Security sources said Fatah al-Islam snipers hit the four soldiers at Nahr al-Bared camp. The death was the first military fatality since the Lebanese army declared an end to major combat on Thursday.
Heavy 155 mm artillery shells slammed into the heart of the camp where the militants had deployed after retreating from outlying positions captured by the troops. Fighters responded with small arms fire and grenades, security sources said.
The Lebanese army claimed victory on Thursday after 33 days of fighting against Fatah al-Islam in which 172 people were killed. It said it would not end the siege of the camp until the fighters surrendered.
Security forces are barred from entering Lebanon's 12 Palestinian refugee camps by a 1969 Arab agreement.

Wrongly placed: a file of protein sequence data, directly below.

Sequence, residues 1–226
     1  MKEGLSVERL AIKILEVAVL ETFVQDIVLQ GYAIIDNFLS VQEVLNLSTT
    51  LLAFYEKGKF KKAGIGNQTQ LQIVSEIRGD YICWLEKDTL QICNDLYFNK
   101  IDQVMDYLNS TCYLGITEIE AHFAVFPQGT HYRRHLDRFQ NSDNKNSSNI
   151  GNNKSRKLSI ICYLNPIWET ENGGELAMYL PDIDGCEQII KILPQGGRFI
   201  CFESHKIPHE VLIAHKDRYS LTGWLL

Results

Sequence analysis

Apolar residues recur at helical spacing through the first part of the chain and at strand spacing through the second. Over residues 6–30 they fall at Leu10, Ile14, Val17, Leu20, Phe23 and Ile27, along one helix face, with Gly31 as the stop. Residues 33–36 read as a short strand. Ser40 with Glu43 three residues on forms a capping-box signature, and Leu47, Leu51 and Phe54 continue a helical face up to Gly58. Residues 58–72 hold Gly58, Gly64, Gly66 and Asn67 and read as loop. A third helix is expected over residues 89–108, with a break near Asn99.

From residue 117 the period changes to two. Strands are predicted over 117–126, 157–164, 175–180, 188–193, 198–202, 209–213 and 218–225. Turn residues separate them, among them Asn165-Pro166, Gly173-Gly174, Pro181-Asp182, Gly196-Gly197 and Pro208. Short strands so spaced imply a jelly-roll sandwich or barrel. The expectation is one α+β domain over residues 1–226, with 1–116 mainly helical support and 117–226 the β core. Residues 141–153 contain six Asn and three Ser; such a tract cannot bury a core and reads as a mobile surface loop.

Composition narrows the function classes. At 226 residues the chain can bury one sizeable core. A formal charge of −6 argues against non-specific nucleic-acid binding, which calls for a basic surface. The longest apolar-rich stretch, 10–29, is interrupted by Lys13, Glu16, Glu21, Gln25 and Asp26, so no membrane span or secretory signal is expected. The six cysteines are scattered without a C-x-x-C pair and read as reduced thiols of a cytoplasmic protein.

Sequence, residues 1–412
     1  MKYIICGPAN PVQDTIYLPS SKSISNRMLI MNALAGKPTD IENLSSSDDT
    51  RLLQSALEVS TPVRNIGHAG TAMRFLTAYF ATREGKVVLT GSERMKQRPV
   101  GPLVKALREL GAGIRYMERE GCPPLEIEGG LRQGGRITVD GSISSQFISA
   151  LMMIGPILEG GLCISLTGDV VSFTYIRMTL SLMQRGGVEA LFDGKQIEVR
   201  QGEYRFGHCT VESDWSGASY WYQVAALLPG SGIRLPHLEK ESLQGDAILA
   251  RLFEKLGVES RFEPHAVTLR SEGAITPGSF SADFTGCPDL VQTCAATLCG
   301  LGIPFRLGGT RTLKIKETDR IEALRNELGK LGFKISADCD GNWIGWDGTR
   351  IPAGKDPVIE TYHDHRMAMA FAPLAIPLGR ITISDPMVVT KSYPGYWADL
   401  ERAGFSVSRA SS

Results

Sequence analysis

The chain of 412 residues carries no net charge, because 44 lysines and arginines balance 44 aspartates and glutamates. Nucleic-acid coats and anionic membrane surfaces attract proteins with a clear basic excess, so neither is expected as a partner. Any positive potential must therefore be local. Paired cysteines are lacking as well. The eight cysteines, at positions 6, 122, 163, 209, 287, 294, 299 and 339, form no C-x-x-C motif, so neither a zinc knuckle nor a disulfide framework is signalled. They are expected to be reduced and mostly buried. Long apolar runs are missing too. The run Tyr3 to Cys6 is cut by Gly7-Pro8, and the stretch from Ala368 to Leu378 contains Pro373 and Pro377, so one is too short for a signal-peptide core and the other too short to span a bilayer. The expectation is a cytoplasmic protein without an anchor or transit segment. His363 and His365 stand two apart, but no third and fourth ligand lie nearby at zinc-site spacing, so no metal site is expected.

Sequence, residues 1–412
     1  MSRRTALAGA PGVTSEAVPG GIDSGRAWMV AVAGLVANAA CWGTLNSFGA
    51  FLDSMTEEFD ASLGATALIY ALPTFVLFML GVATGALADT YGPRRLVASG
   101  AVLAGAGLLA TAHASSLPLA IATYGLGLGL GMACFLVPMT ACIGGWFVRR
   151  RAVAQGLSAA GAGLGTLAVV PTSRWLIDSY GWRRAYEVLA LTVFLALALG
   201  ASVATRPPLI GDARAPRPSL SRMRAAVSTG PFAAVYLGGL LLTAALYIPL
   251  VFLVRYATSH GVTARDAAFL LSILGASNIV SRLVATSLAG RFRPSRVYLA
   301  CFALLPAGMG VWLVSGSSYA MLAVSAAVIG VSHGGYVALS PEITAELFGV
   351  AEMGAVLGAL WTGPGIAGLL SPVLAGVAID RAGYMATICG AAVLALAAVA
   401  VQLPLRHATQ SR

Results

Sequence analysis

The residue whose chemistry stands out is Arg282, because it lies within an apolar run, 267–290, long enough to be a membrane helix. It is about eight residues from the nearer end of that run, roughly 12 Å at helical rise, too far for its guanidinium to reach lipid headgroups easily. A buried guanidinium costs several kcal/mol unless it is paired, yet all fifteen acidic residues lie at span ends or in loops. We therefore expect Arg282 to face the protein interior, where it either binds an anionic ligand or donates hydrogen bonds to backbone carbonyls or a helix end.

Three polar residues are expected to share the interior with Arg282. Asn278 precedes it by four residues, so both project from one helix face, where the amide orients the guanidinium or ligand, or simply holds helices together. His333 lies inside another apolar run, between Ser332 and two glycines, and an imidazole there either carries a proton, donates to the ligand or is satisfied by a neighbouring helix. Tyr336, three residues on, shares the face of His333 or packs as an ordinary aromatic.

The battle for Nahr al-Bared is Lebanon's worst internal violence since the 1975-90 civil war.
Palestinian mediators held talks on Friday with Fatah al-Islam at the heavily damaged camp, which once housed about 40,000 people. The mediators were set for more talks over the weekend to try to end the standoff.
The army says Fatah al-Islam started the conflict on May 20 by attacking its posts. The group, which includes fighters from across the Arab world, says it had acted in self-defense.
Fatah al-Islam has said it has no organizational ties to Osama bin Laden's network but shares its militant ideology.